Epilobium coloratum Biehler

Epilobium coloratum plant

Family - Onagraceae

Stems - To +1m tall, erect, herbaceous, terete to 4-angled with rounded angles, sub-hollow, glabrous or with thin vertical lines of antrorse curled hairs, single from the base, widely branching in apical half, often reddish at nodes.

Epilobium coloratum stemStem.

Leaves - Stem leaves opposite, short-petiolate. Petioles to 1cm long, with a few strigose hairs on the margins. Blades glabrous, lanceolate, serrate, with antrorse strigose hairs on the margins. Midrib and lateral veins impressed adaxially, expressed abaxially, to +/-10cm long, 2cm broad, typically rounded at the base.

Epilobium coloratum leaf

Inflorescence - Terminal bracteate panicles. Bracts foliaceous, reduced upward. Branches of inflorescence alternate, straight and antrorse-curled pubescent. Pedicels pubescent like the branches of inflorescence, to 3-4mm long in flower, elongating in fruit to 1cm long.

Flowers - Petals 4, white to pinkish, 3-5mm long, 2-3mm broad, glabrous, 2-lobed at apex, obovate to elliptic, distinct. Stamens 8, 4 being longer than the others, alternating with the petals, erect. Filaments to 2mm long, white, glabrous. Anthers pink, .2-.3mm in diameter. Stigma capitate, 1mm long, pale yellow. Style 1.5mm long, thicker than the filaments, glabrous. Calyx 4-lobed. Calyx tube to 1mm long. Lobes to 2-3mm long, 1-1.5mm broad, acute to acuminate or apiculate, entire, pubescent (curled and straight) externally, glabrous internally. Calyx tube with a few hairs internally. Ovary inferior, 6-13mm long in flower, antrorse and straight pubescent, 1mm broad, 4-angled (the angles rounded). Ovules many. Fruits to 6cm long, 1.3mm broad. Seeds to 2mm long, .5mm broad, brown, comose. The hairs to 1cm long, whitish brown to cinnamon.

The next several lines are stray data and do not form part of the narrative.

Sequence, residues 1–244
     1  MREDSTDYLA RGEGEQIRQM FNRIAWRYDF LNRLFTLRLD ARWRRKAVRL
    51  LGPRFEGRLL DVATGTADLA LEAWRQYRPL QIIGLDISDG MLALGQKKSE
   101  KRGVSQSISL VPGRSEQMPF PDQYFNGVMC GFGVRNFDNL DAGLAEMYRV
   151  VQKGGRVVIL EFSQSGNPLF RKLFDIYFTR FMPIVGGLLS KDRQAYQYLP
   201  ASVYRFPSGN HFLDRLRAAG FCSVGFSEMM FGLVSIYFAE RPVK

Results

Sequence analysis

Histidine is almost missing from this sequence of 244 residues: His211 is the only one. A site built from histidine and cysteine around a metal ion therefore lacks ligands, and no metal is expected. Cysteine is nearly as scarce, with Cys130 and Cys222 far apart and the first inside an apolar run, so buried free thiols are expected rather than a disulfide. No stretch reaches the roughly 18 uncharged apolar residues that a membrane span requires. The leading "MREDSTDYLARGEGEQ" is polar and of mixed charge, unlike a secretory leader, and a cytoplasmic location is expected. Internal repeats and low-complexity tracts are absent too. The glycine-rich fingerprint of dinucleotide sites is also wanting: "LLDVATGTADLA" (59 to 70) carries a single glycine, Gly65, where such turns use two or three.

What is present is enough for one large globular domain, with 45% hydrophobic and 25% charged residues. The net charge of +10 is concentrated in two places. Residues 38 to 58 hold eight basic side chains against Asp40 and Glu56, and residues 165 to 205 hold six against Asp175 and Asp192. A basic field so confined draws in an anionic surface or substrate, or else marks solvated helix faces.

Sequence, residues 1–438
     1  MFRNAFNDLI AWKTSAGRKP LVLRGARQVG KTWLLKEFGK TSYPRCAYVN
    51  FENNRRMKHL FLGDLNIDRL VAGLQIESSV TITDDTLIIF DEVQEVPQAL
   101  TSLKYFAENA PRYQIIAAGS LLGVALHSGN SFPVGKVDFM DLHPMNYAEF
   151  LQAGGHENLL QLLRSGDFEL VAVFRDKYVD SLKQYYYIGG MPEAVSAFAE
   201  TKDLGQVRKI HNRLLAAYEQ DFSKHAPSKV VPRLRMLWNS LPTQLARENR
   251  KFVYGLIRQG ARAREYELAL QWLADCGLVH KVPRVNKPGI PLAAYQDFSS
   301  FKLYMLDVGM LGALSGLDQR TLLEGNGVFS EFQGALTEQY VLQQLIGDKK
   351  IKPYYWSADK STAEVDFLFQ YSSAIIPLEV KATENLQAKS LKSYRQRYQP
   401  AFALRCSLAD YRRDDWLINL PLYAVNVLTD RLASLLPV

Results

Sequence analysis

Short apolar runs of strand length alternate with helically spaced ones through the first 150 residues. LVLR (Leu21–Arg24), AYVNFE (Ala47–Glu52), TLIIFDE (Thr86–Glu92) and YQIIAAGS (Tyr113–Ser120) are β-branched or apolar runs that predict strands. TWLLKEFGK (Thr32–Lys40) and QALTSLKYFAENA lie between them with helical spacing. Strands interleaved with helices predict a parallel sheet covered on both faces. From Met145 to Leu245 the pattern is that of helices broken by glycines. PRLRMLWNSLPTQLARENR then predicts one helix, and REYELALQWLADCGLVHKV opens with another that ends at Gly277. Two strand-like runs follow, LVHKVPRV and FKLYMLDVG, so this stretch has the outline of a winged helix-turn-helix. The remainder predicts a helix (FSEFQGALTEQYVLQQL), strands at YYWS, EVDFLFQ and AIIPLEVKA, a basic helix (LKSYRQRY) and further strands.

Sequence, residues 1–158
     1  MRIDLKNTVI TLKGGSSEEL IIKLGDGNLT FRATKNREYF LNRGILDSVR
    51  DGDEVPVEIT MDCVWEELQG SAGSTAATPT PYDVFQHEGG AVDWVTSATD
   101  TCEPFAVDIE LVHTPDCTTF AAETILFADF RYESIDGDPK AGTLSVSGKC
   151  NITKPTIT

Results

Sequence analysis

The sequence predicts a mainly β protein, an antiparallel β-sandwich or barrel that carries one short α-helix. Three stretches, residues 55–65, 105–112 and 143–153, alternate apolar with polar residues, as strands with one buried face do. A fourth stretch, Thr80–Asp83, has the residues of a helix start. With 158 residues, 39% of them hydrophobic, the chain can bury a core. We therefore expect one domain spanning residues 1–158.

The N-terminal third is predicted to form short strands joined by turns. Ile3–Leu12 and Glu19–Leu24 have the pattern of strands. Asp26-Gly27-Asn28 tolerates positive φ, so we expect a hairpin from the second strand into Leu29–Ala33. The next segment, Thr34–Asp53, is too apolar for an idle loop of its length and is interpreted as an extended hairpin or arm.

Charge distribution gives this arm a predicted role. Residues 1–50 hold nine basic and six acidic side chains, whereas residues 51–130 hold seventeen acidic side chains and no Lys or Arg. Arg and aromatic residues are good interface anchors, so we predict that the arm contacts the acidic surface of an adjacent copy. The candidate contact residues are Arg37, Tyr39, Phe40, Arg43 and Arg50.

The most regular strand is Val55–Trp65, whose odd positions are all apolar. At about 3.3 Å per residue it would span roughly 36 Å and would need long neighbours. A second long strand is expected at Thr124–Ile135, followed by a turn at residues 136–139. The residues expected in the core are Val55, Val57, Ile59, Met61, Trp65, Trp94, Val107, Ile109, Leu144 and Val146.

Epilobium coloratum flowerFlower.

Epilobium coloratum calyxCalyx.

Epilobium coloratum fruitDeveloping fruit.

Flowering - July - October.

Habitat - Wet ground.

Origin - Native to U.S.

Other info. - This species is common and can be found throughout Missouri. The plant is fairly easy to ID because of its habitat, opposite stem leaves and small whitish-pink flowers. Of the two species of Epilobium in Missouri, this species is much more frequent.

Photographs taken in Brown Summit, NC., 9-20-02.